Academic journal article
By Ireland, Thomas R.
Journal of Legal Economics , Vol. 7, No. 3
The present value of any lost stream of earnings that is increasing over time can be calculated using a net discount rate or by using a specific nominal growth rate for earnings and a specific gross discount rate. Both approaches were declared legally acceptable in Jones & Laughlin Steel v. Pfeifer (1983), a United States Supreme Court decision that is the ruling federal case on such matters. In Pfeifer, the net discount rate method was referred to as the below market discount rate method and seemed to be the method preferred by Justice Stevens, who wrote the opinion. A similar strong preference for a below market discount rate was indicated in Culver II (1983), an important case in the 5th Circuit of the federal court system.' However, economists have long known that projecting specific rates and using a net rate, if both methods are used correctly, yield identical results. Samuels (1990) establishes the identity of the two methods by algebraic derivation but does not provide the kind of simple tabular example that would show this in a self-evident way to a judge. In its absence, such a demonstration has value in and of itself and is one purpose of this paper.
The second purpose of this paper is to show that such a derivation can be used to validate the reasonableness of a net discount rate being used by a forensic economist.2 Current nominal interest rates are market determined and based upon the market's expectations of the future, but there are no equivalent market based projections of expected rates of wage growth.3 As a result, estimates of future wage growth are often based on past wage growth. However, there is no agreement among forensic economists about the period of the past or the methods that should be used to estimate future wage increases. Past rates are history and cannot be used to accurately predict future rates in any systematic way (Havrilesky 1990). This paper shows how historical rates can be used to test the reasonableness of a given net discount rate without relying upon any specific past period or any particular methodology for projecting from that past period.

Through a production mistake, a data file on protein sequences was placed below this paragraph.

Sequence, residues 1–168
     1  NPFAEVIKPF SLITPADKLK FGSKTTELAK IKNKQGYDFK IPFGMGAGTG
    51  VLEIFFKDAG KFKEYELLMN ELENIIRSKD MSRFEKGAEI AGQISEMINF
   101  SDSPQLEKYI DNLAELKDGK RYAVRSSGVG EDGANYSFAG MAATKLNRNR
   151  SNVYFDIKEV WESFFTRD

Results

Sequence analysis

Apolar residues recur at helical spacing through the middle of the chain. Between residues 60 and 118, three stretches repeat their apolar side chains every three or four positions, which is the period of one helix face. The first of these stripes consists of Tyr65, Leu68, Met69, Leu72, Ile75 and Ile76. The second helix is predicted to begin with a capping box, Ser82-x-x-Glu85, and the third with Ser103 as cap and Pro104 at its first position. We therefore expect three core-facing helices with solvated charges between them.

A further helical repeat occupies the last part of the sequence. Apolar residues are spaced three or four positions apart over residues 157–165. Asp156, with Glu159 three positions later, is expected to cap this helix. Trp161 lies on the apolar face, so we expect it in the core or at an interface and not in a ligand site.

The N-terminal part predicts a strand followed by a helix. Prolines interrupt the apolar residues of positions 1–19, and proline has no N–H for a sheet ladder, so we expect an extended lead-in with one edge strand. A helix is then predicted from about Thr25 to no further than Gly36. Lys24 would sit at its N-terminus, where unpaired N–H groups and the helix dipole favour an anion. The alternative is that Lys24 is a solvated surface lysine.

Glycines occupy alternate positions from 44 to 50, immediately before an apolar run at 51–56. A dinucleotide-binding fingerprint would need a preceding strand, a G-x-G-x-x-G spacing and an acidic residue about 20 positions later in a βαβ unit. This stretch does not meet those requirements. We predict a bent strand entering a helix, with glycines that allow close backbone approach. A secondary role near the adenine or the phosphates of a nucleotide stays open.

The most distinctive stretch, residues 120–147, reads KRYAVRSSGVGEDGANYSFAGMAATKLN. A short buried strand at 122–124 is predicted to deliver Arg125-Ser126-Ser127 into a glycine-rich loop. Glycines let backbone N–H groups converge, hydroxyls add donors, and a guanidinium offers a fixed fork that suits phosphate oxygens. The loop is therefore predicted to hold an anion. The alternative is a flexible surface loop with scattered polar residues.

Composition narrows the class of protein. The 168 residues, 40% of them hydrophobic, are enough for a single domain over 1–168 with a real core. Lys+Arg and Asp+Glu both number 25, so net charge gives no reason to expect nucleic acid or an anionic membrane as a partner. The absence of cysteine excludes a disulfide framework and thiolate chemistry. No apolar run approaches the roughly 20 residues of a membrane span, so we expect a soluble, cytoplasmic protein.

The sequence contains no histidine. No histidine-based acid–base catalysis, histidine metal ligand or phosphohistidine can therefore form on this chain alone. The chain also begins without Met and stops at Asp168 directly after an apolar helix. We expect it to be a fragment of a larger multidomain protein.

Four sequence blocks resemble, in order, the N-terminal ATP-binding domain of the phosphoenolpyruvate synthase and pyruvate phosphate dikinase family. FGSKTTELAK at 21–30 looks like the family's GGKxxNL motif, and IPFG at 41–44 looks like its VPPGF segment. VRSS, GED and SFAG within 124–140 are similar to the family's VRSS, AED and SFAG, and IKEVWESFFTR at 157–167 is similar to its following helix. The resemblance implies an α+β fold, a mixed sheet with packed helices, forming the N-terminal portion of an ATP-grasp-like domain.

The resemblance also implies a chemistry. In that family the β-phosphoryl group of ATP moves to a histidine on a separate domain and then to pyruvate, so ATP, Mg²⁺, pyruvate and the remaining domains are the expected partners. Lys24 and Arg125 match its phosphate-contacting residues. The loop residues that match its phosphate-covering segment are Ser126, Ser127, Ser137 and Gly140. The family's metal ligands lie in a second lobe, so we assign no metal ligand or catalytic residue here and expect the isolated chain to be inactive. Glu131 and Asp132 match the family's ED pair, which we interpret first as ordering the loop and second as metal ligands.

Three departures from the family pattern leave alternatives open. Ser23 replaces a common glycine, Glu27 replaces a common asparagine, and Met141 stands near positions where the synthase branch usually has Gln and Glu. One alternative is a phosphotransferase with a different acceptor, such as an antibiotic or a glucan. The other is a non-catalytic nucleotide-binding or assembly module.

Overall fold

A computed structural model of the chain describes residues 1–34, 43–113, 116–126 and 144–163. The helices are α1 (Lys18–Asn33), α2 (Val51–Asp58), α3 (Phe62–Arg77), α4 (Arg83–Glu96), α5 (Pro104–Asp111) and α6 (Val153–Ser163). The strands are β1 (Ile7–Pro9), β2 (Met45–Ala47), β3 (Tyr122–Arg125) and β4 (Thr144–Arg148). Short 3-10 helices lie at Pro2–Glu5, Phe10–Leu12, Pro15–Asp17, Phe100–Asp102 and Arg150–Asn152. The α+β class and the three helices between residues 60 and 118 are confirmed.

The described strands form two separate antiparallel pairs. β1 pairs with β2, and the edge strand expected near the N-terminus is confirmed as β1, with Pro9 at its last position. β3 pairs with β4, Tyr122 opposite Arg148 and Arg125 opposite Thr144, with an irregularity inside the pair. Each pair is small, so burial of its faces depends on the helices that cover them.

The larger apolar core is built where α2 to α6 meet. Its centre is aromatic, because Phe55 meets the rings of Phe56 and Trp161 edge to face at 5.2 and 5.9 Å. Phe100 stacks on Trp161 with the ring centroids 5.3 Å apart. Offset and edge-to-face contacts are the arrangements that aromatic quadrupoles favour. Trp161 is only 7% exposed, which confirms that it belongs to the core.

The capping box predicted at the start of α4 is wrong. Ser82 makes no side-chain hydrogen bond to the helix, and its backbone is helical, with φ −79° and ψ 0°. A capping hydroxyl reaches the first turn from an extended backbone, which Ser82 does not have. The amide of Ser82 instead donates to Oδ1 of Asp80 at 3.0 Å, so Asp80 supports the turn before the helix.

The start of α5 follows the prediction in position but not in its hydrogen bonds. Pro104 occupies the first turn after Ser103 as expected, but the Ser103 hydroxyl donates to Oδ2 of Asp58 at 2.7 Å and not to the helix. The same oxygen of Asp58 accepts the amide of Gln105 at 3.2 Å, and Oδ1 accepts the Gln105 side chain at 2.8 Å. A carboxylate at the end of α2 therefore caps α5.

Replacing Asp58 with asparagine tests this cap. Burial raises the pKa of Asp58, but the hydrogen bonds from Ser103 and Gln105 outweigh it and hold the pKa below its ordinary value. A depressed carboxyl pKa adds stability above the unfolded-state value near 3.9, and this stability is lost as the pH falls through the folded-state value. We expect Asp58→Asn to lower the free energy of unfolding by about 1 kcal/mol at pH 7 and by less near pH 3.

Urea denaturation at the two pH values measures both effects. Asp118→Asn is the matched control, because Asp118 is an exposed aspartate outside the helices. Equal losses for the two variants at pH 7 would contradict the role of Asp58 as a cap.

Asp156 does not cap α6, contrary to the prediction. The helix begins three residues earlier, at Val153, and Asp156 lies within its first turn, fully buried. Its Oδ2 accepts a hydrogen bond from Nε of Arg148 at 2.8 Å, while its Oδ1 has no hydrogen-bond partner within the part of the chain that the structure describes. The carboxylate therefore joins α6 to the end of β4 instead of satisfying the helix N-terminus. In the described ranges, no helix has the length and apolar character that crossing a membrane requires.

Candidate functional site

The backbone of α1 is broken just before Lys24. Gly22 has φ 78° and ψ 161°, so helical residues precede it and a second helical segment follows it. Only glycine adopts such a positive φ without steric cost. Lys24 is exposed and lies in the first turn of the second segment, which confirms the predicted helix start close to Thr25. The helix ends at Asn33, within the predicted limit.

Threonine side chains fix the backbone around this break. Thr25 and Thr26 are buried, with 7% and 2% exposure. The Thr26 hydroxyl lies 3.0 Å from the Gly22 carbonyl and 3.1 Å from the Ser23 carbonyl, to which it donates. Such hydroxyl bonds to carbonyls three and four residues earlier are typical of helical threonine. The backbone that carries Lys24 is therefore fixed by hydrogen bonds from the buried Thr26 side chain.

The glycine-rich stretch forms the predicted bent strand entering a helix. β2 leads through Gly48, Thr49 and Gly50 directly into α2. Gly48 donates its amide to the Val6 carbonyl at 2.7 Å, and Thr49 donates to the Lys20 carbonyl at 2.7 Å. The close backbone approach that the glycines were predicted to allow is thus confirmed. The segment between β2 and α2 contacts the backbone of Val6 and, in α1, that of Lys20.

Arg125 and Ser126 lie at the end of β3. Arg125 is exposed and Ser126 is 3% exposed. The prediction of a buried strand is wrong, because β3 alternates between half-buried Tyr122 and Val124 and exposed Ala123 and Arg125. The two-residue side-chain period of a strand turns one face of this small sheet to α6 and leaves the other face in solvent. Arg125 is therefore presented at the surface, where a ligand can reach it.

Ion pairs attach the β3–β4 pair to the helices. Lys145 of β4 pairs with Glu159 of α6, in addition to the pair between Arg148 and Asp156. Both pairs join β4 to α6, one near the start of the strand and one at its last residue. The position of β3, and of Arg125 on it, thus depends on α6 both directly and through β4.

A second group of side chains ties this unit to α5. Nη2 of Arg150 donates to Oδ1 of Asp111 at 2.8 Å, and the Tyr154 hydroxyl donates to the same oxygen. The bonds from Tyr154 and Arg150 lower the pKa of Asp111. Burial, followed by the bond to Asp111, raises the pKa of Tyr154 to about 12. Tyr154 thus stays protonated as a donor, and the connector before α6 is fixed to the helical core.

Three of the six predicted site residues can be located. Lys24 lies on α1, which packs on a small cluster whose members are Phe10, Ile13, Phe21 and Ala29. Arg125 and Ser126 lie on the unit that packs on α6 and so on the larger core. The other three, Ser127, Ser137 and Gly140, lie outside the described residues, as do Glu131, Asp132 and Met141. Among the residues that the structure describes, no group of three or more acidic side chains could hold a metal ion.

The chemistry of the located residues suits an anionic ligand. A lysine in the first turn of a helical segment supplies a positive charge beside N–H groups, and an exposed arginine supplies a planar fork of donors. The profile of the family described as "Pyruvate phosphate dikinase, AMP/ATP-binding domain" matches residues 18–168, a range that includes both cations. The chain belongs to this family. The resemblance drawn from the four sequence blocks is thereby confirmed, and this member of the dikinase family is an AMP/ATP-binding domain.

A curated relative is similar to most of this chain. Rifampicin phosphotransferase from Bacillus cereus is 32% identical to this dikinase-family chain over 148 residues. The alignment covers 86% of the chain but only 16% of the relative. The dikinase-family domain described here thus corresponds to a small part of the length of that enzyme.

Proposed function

The third purpose of the back-calculation method relates to an unethical practice by forensic economists that this author has encountered in the past. An economist who wishes to disguise the fact that his wage growth/discount rate assumptions are different when working for plaintiffs than when working for defendants can hide those differences by switching between net discount rates and specific nominal rates when switching from plaintiff to defense sides of cases. The back-calculation method provides an easy mechanism for disclosing such practices.
The last purpose of this paper is to show how back calculated rate projections can be incorporated into the development of a loss distribution table that is reasonably easy for a jury to understand. A standard tactic of defense attorneys is to ask the plaintiff's economist to calculate the annual interest earned on his damages estimate. Usually, that value is close to or greater than the annual loss estimated for the first year of the fund. This has the potential to mislead jurors into believing that the present value is larger than it should be to replace all damages. This tactic can be countered by developing a loss distribution table that shows the jury the exact amount of the loss each year using a back calculated growth rate. The table begins with the present value of damages and calculates interest earned on the fund for each year. It then subtracts damage payments for that year, showing the balance in the fund at the end of the year. The table clearly shows that the end year balance declines to zero in the last year of projected losses. Thus, this table shows exactly how the fund works to replace the damage losses being projected. This can be very persuasive in redirect examination. Further, if this table is admitted into evidence, it can be very useful to the jury when the jurors actually make their trial decisions. …